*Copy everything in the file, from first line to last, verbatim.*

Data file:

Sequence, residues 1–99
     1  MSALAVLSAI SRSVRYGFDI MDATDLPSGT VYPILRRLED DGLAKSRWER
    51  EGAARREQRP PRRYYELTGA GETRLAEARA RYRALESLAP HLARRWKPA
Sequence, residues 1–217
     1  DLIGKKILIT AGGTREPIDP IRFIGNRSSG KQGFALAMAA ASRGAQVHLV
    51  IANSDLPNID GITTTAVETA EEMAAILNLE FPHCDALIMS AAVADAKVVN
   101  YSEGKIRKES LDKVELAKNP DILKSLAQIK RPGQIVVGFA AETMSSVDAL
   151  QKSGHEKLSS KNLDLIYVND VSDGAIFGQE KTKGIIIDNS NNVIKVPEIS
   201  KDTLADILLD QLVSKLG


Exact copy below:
Sequence, residues 1–99
     1  MSALAVLSAI SRSVRYGFDI MDATDLPSGT VYPILRRLED DGLAKSRWER
    51  EGAARREQRP PRRYYELTGA GETRLAEARA RYRALESLAP HLARRWKPA
Sequence, residues 1–217
     1  DLIGKKILIT AGGTREPIDP IRFIGNRSSG KQGFALAMAA ASRGAQVHLV
    51  IANSDLPNID GITTTAVETA EEMAAILNLE FPHCDALIMS AAVADAKVVN
   101  YSEGKIRKES LDKVELAKNP DILKSLAQIK RPGQIVVGFA AETMSSVDAL
   151  QKSGHEKLSS KNLDLIYVND VSDGAIFGQE KTKGIIIDNS NNVIKVPEIS
   201  KDTLADILLD QLVSKLG